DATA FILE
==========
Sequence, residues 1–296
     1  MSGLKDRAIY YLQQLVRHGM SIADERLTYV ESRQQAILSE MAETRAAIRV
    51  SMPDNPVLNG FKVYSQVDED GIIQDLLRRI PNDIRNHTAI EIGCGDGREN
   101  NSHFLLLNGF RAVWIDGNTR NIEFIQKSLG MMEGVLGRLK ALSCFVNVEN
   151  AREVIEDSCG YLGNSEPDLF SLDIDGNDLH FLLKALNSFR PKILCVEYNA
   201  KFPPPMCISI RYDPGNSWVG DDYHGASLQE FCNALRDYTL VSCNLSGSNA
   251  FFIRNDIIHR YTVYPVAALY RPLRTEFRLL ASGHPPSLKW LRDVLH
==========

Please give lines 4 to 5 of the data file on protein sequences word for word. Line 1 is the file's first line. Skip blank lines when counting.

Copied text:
   101  NSHFLLLNGF RAVWIDGNTR NIEFIQKSLG MMEGVLGRLK ALSCFVNVEN
   151  AREVIEDSCG YLGNSEPDLF SLDIDGNDLH FLLKALNSFR PKILCVEYNA